Government & oppositionElections marathon [Archives:2003/627/Business & Economy]

March 17 2003

There are numbered days to go before the beginning of electoral campaigns for the parliamentary elections scheduled to be held in several weeks. Political parties, both in power and opposition, are competing, particularly with regard to the economic situation, the voters' living standard, treatment by government of implemented structural failures since 1995, as well as Yemen's opposition vision concerning the economic crisis, which the opposition ascribe to a package of economic reforms the government has been implementing.
While the government, led by the general people's congress party, confirms it has been able, during the past seven years, to curb inflation and keep stability of exchange rate of the national currency, opposition parties say the policy of economic reform has led to an increase in poverty proportion by around 28 percent, and rates of prices by over 187 percent. The parties say the increase-included electricity, water and telephone bill by 53, 15 and 32 percent respectively. Political parties' election forums are distributed according to these two opposing visions over several orientations. Mast important of these directions are:

1- Program of the GPC ruling party which enumerates achievements of its government, covering infrastructure, accomplishments of social security net, and educational, health, vocational and technical training, in addition to other services,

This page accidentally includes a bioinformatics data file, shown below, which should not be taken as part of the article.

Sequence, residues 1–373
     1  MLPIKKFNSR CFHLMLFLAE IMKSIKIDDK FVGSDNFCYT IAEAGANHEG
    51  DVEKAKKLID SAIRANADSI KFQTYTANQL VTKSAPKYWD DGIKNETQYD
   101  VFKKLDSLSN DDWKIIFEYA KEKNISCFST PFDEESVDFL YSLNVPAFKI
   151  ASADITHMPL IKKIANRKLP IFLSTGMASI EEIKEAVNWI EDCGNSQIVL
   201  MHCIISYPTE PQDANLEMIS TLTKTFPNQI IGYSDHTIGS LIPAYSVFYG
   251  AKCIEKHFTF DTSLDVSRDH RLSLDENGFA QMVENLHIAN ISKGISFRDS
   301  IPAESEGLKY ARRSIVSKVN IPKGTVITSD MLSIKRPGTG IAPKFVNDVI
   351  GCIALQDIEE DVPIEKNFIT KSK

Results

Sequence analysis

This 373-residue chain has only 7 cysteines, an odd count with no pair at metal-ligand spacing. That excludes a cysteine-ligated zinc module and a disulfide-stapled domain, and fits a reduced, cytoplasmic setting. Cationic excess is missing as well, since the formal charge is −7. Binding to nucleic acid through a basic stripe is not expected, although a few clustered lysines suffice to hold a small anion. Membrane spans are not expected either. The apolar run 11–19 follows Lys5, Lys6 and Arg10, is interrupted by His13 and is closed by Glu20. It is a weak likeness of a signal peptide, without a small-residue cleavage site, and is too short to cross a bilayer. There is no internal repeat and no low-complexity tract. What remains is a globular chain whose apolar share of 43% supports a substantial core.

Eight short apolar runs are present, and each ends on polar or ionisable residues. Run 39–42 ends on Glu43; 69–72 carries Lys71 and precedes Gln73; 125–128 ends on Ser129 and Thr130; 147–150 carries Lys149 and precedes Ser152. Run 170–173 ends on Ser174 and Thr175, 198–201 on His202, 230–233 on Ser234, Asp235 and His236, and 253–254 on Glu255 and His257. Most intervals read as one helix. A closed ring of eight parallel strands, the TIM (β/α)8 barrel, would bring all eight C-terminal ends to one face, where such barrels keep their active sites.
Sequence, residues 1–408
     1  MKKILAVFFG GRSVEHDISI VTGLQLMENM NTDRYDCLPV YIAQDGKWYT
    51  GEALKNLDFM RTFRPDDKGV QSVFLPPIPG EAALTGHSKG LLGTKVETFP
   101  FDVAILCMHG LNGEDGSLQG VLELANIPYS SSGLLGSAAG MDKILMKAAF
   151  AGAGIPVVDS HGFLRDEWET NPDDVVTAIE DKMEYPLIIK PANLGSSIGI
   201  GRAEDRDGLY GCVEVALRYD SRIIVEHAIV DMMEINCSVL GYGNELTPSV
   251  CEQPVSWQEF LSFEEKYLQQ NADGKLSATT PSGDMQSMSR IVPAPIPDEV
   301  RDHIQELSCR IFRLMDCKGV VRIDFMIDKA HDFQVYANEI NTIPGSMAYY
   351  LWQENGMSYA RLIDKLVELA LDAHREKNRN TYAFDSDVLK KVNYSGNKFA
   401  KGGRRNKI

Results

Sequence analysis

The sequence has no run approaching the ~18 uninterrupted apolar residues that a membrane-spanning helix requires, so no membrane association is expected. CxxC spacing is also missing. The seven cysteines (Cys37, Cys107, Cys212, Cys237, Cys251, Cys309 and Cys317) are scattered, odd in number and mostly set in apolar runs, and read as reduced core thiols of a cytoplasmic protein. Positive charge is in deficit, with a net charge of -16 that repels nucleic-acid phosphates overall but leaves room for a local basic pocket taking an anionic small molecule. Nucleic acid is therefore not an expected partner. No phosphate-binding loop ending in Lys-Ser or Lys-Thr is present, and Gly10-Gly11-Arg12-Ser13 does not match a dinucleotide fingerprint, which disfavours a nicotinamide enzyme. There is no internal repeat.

2- Programs of the 6 member Joint Meeting Parties as being meeting at one vision, i.e., that the official policy of economic reforms has led to aggravation of problems in social life with increased poverty rates and rise of unemployment by 35 percent of work force.

Election programs of opposition parties are unanimous that social services, like health, education, water and electricity have retreated and their prices shot up. The program stress that in the health area, people have only services without medication offered by nominal hospitals. In the political context of the elections scheduled on 27 April, the 6-member opposition parties have demanded, in a memorandum to the National Alignment Committee, for halting the program of economic reform and creating other alternatives to deal with the crisis. The memo also called for critical revision of all attempts for economic, administrative and financial reform. The memorandum also emphasized the necessity of treating the economic crisis in a scientific objective way depending on understanding reality, addressing the causes, fighting corruption and its sources and passing a law on financial accountability.
These demands seem to be part of the propaganda campaign accompanying the elections directed against the ruling party. They are difficult to realize demands, if not impossible, especially regarding the issue of financial accountability, because there is confusion between jobs and commercial businesses. Therefore, the opposition parties, by this vision, are aimed at politically winning the voters who feel tangible bitterness and deterioration of living conditions.
Between these two parties of the government which boasts of accomplishments of the ruling party, and of the opposition that accuses the government of dereliction and deterioration of economy, there is a third party's programs enter the race. The third party's programs are characterized by ambiguity because they criticize the governments reforms policy in certain areas and support them in others.
This third party represents a group of programs adopted by small political parties, some are independent and the other some works under an alliance called the National Grouping of opposition, consisting of five parties.
The voters are to be the judge between the elections race rivals, in addition to a fourth group whose programs are be represented by the independent. The programs of these independents would derive from their local constituencies' woes. The question of who would win the race would be answered by the voters themselves.